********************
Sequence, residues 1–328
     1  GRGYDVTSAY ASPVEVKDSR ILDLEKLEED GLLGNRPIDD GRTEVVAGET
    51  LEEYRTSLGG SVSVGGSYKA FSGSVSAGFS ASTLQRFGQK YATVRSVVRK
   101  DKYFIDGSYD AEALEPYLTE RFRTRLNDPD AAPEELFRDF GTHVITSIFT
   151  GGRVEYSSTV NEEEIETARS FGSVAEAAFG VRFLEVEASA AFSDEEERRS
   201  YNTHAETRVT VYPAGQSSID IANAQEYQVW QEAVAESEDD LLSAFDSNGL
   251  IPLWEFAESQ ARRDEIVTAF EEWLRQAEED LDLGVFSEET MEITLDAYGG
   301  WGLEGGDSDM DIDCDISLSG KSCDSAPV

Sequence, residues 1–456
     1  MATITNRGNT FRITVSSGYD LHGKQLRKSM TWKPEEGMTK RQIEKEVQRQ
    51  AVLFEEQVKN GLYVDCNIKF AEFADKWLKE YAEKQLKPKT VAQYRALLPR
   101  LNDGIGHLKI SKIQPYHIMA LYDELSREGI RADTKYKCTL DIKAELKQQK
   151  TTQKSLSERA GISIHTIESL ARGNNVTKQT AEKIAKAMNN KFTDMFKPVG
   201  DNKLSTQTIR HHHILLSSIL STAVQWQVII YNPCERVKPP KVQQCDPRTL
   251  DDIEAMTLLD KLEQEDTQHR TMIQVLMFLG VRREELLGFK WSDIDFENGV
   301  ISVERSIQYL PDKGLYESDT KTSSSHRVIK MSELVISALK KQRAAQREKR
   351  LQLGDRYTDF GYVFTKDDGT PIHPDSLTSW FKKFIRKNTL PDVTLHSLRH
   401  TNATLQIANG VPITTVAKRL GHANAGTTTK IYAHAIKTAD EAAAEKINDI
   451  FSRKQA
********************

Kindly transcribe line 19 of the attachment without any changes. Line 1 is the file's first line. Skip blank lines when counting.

   451  FSRKQA